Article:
3. By default, the dependency time range is an hour. Click the time range to shorten it, specify start and end dates, or change the duration. Press Ctrl + Click to select multiple machines on the map, and then click Group machines.
  4. In Group machines, specify a group name. Verify the machines you added have the dependency agents installed and have been discovered by Azure Migrate. Machines must be discovered to assess them. We recommend that you install the dependency agents to complete dependency mapping.
  5. Click OK to save the group settings. Alternatively, you can add machines to an existing group.

Create a Group

You can create groups of virtual machines from the Machines blade or from the Groups blade, using a similar process.

Create a group from the Machines blade

  1. Navigate to the Dashboard of a project and click the Machines tile.
  2. Click Group Machines.
  3. Specify a name for the group in the Name box, and then select the machines that you want to add to the group.
  4. Click Create.

Add/Remove machines to/from an existing group if you require

  1. Navigate to the dashboard of a project and click the Groups tile.
  2. Select the Group you want to add/remove machines to/from.
  3. Click Add Machines or Remove Machines.
  4. Select the machines that you want to add/remove to/from the group.
  5. Click Add or Remove.

Step 4: Assess groups of virtual machines

Create an assessment

Follow these steps to generate an assessment for the group.

  1. Select the project you want under Project.
  2. On the project dashboard, click Groups.
  3. Create a new group or select an existing group to assess under Group.
  4. Click Create Assessment to create a new assessment for the group.

The assessment includes these details.

  • Summary of the number of machines suitable for Azure which is referred to as Azure Readiness.
  • Monthly estimate of the cost for running the machines in Azure after migration.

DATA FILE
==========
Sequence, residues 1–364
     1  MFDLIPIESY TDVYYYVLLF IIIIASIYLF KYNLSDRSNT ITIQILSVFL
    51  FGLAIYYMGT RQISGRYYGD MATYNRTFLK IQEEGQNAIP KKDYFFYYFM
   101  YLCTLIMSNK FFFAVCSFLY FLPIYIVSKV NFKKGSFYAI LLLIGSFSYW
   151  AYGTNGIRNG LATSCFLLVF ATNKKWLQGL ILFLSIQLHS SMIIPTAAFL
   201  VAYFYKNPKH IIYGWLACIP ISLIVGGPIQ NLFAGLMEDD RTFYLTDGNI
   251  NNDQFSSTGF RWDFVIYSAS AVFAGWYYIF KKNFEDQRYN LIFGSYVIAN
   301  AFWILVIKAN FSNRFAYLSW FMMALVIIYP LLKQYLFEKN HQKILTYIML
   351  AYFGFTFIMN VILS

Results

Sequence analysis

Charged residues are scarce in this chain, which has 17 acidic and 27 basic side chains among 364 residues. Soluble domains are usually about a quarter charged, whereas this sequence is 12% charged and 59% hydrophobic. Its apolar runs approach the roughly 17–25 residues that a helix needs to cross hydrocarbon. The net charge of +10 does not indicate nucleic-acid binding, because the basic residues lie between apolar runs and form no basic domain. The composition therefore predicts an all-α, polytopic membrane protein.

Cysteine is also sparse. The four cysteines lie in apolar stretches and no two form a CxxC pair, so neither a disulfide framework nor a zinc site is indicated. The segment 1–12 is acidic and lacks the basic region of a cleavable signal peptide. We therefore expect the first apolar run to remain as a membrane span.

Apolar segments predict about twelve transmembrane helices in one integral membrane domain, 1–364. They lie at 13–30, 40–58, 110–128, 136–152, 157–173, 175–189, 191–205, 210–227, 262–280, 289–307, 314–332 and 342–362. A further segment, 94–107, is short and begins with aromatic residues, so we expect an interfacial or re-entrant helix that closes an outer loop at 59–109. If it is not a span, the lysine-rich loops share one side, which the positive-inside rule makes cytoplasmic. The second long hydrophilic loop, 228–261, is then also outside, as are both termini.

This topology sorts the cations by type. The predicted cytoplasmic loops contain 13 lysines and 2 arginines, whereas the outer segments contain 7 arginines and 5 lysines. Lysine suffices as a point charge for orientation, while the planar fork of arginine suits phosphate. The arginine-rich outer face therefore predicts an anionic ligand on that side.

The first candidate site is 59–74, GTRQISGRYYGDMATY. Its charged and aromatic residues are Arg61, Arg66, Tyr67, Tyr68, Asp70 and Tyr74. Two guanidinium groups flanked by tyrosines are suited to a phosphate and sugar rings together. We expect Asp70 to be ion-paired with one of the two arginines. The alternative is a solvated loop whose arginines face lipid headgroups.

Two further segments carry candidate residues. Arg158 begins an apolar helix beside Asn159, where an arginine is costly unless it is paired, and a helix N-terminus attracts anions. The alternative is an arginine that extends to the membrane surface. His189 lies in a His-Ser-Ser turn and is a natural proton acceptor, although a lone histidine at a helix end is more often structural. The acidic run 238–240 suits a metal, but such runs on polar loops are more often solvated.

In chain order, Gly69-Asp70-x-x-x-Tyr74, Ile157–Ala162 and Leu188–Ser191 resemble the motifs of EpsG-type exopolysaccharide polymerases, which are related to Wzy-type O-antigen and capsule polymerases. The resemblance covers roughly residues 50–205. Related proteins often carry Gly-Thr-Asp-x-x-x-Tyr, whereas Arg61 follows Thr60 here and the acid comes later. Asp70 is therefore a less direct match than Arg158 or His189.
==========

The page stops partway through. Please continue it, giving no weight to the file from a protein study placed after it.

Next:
• Storage monthly cost estimate.

Assessment calculation

Azure Migrate performs three checks on virtual machines in this order:

  1. Azure Suitability Analysis
  2. Performance-based sizing
  3. Monthly cost estimate

Stage 2: Migrate virtual machines using Azure Site Recovery

Before you start deployment, review the architecture and make sure you understand all the components you need to deploy.

Next, make sure you understand the prerequisites and limitations for a Microsoft Azure account, Azure networks, and storage accounts. You also need:

  • On-premises Site Recovery components
  • On-premises VMware prerequisites
  • Mobility service component installed on the virtual machine you want to replicate.

These are the general steps to migrate:

  1. Set up Azure services such as Virtual Networks, Availability Group, Network Load Balancer, Address Space, Subnets, Resource Group, Storage Accounts, Public IPs.
  2. Connect to VMware servers.
  3. Set up the target environment.
  4. Complete migration.

I assume, you have completed the step1. So I am moving on to step 2.

Create a Recovery Services vault

  1. Sign in to the Azure portal > Recovery Services.
  2. Click New > Monitoring & Management > Backup and Site Recovery.